Regarding Rights

Academic and activist perspectives on human rights

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Centre for International Governance and Justice: News and Events

The past week has seen a number of presentations by visitors to the CIGJ. On Wednesday afternoon, Professor Ann Orford of the University of Melbourne Law School gave a fascinating masterclass on critical theory and legal scholarship, in which she explored the contested relationship between the critical scholar, the production of knowledge, and the object of that knowledge.

This was followed on Thursday morning by CIGJ Visiting Scholar Siobhán Airey, who presented “Sovereignty’s sanctimony in ODA – a Jar’Edo Wens or Janus in international law?”. Siobhan’s talk examined Official Development Assistance (ODA) as an instrument of global governance through the insights of Foucault and Carl Schmitt, and analysed the tensions between ideas of sovereignty and the disciplinary decision-making practices of ODA donors.

Finally, on Friday Yaprak Yildiz presented “Avowal and disavowal of state violence: confessional performances of perpetrators.” In this seminar, Yaprak spoke of her research on truth-telling in reconciliation processes. She considered cases of confessions by Turkish state officials for atrocities committed against the Kurdish population.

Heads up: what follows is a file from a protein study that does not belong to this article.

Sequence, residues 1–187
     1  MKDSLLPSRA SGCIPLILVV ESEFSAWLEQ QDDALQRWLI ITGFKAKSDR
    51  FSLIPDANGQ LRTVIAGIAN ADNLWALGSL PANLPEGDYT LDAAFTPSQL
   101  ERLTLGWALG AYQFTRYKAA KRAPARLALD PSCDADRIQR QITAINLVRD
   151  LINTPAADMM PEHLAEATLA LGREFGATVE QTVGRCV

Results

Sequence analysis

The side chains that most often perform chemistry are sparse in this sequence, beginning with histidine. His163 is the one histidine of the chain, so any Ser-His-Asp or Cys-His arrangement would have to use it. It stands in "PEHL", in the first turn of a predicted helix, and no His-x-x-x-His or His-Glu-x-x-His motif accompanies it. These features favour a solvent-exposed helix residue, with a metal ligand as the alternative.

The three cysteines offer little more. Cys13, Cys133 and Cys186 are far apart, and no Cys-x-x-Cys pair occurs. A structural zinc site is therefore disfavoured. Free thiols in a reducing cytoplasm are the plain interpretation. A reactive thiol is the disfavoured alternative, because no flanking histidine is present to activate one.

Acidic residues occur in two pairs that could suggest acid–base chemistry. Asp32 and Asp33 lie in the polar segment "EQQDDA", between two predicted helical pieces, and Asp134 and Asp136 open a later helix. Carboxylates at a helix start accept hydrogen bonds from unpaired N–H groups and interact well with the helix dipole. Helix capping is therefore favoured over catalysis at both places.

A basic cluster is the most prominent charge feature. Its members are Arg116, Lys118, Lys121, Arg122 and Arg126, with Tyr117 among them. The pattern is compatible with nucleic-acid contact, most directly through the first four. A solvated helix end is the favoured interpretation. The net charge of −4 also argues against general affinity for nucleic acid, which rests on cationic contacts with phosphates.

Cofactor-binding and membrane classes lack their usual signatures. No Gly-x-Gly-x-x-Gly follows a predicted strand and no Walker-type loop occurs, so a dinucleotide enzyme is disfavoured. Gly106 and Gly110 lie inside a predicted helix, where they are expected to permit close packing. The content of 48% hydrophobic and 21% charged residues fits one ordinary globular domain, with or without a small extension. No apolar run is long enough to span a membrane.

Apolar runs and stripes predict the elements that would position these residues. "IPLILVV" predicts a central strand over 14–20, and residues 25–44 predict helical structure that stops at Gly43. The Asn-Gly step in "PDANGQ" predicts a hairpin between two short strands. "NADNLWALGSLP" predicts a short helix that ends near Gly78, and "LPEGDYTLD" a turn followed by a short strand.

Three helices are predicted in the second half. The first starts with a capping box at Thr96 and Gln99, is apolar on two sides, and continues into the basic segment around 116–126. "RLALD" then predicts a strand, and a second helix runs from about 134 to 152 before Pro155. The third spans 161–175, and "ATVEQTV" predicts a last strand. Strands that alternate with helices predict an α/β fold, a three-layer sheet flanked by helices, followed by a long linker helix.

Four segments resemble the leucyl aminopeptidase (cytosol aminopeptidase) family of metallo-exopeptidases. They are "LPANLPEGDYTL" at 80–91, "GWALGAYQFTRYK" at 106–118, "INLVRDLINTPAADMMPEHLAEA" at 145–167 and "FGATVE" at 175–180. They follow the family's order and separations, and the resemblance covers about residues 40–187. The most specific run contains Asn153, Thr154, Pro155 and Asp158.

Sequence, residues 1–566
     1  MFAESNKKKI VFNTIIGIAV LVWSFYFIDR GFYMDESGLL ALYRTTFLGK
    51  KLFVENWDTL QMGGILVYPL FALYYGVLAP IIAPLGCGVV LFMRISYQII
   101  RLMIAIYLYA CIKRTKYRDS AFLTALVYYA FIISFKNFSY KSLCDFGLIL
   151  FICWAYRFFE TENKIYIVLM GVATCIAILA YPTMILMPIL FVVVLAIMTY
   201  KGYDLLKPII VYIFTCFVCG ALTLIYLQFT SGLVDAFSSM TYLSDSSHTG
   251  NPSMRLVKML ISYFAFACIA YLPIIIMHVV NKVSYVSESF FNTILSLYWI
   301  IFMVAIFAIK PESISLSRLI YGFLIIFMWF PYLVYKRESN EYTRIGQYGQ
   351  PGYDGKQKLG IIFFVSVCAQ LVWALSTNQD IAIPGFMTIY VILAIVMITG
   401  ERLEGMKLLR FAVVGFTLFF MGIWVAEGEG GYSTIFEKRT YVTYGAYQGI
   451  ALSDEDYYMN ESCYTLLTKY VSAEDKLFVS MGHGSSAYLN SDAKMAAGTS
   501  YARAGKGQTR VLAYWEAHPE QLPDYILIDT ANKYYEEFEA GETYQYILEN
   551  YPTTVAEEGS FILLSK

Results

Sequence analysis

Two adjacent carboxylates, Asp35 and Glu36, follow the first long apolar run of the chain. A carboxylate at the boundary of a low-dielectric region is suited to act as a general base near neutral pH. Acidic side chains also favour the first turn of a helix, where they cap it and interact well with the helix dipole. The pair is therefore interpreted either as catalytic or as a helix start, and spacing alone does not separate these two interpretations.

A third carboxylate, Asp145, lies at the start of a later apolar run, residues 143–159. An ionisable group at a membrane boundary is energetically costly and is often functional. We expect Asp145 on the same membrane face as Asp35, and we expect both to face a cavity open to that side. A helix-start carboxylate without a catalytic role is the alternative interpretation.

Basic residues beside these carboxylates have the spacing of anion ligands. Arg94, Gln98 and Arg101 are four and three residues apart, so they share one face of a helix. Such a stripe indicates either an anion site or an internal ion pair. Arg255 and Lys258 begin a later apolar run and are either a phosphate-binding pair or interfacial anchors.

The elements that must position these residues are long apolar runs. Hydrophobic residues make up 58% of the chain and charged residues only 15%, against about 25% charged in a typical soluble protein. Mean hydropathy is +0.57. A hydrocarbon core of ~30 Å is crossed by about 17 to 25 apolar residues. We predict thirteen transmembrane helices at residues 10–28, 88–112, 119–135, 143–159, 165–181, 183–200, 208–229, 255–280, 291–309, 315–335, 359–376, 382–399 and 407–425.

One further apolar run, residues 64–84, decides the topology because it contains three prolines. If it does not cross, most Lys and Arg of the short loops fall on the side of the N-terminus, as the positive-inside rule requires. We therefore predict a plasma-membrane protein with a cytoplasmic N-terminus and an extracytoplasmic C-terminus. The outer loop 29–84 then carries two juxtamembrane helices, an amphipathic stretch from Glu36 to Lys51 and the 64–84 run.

We also want to alert Regarding Rights readers to this recent article on the Conversation by RR contributor, Fiona McGaughey, writing on her observations of Australia’s appearance this month before the Universal Periodic Review.

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Reflections on the General Assembly’s Recent Resolution on Human Rights Treaty Body Reform

By Fiona McGaughey,

University of Western Australia

High Commissioner for Human Rights Navi Pillay. UN Photo/JC McIlwaine

High Commissioner for Human Rights Navi Pillay. UN Photo/JC McIlwaine

After more than 30 years of discussions and reports on the human rights treaty system, the latest statement from the UN General Assembly is contained in its resolution on reform passed on 9 April. ‘Strengthening and Enhancing the Effective Functioning of the Human Rights Treaty Body System’ includes measures that should improve the efficiency of the system, but it is not self-evident that these measures will improve its effectiveness. Ultimately, the effectiveness of human rights treaties can only be improved by better promotion and protection of human rights for the people who seek to exercise them, and this broader aim of human rights treaties has not been adequately addressed by the UN.

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